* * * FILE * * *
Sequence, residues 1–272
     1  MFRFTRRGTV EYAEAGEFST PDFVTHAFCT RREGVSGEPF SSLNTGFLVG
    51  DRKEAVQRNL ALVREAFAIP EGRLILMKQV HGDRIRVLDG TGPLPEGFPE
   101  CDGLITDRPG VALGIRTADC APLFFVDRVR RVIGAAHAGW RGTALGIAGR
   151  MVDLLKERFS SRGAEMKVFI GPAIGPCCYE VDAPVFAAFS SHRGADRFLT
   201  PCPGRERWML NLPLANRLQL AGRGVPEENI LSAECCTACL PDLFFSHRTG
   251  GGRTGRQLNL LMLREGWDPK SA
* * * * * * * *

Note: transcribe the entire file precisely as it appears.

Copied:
Sequence, residues 1–272
     1  MFRFTRRGTV EYAEAGEFST PDFVTHAFCT RREGVSGEPF SSLNTGFLVG
    51  DRKEAVQRNL ALVREAFAIP EGRLILMKQV HGDRIRVLDG TGPLPEGFPE
   101  CDGLITDRPG VALGIRTADC APLFFVDRVR RVIGAAHAGW RGTALGIAGR
   151  MVDLLKERFS SRGAEMKVFI GPAIGPCCYE VDAPVFAAFS SHRGADRFLT
   201  PCPGRERWML NLPLANRLQL AGRGVPEENI LSAECCTACL PDLFFSHRTG
   251  GGRTGRQLNL LMLREGWDPK SA